BOGOTA, Feb. 10 (UPI) -- At least 17 indigenous people have been killed in southern Colombia, allegedly by rebels who accused them of collaborating with the army.
The Daily Telegraph reported Tuesday that the members of the Awa tribe in the southern Colombian province of Narino were killed by the Revolutionary Armed Forces of Colombia, also known as FARC.
"On the 4th of February the FARC detained a group of indigenous families and accused them of collaborating with the army," said provincial Gov. Antonio Navarro. "One of the young men escaped and has said that they had been tied up and beaten and that they were killing them with knives."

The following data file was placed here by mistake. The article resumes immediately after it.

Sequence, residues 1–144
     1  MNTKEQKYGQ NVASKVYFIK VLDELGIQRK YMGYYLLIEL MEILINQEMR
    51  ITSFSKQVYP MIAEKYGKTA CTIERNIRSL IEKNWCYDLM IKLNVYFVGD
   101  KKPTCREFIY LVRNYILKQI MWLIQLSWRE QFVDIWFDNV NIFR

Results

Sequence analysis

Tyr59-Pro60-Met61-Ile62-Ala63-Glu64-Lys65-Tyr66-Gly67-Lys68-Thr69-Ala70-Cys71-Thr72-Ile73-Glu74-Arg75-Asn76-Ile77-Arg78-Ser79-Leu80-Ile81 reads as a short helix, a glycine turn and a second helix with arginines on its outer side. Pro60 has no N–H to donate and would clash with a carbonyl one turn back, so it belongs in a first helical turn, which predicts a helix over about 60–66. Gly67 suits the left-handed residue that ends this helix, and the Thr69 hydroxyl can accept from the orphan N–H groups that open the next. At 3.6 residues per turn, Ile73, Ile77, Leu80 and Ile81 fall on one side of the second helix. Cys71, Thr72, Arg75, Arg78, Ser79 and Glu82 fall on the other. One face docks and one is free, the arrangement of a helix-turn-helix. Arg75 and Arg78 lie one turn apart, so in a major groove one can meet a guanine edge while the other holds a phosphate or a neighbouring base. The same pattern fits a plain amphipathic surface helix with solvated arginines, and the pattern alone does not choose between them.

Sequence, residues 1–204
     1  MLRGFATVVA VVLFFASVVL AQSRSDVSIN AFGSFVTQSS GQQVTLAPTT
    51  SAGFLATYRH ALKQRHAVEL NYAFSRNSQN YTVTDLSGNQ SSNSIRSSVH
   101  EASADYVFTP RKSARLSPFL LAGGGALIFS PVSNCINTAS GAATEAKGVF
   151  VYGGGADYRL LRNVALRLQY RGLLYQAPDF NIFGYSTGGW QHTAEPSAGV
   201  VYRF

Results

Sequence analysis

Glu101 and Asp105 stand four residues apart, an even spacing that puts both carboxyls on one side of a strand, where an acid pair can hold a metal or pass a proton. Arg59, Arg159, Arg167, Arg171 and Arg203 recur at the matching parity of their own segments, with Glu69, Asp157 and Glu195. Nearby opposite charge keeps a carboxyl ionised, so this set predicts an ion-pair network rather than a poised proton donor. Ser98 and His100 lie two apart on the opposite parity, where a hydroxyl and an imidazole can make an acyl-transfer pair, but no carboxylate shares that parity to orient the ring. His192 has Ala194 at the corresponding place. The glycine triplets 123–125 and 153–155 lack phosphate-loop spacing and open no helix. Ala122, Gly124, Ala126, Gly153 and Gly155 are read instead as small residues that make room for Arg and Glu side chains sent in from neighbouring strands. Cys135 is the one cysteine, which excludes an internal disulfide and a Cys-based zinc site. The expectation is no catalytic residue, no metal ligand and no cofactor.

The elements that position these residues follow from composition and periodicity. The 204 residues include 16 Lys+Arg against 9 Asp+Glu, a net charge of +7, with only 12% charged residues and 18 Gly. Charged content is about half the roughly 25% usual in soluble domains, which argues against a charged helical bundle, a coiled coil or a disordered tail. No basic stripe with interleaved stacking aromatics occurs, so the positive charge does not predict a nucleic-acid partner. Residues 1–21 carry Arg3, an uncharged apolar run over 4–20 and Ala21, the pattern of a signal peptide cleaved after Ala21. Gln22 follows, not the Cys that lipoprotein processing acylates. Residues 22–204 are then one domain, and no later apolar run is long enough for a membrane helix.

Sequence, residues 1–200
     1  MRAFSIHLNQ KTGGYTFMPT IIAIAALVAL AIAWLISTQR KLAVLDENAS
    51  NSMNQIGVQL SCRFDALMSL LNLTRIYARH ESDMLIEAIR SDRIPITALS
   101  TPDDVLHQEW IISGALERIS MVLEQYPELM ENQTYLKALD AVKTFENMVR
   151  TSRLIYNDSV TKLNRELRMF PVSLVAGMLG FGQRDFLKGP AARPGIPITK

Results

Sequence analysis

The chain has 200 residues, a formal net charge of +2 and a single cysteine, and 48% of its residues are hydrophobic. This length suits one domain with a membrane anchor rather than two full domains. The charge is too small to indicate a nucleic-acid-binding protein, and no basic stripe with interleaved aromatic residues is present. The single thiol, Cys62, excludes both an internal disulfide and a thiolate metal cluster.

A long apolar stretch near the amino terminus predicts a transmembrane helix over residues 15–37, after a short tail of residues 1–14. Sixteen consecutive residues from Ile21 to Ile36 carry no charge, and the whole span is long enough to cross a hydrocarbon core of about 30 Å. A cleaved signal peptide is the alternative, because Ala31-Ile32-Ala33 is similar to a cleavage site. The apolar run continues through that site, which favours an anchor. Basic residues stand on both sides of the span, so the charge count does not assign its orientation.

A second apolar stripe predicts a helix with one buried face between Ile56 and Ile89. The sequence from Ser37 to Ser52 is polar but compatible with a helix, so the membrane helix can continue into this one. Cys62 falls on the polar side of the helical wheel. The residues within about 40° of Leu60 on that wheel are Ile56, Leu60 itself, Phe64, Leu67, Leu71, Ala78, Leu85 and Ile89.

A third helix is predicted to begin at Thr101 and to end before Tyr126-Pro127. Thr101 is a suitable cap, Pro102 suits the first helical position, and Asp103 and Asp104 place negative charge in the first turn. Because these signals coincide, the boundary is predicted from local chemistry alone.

The newspaper reported it took the men nearly two days to reach a town to tell of the alleged atrocities. It was reported that neither aid groups nor officials have reached the cocaine-growing region.
"This is a difficult zone, dense jungle, full of anti-personnel mines and with very aggressive guerrillas who do not hesitate to attack the civilian population," said Ron Redmond, a spokesman for the United Nations High Commissioner for Refugees.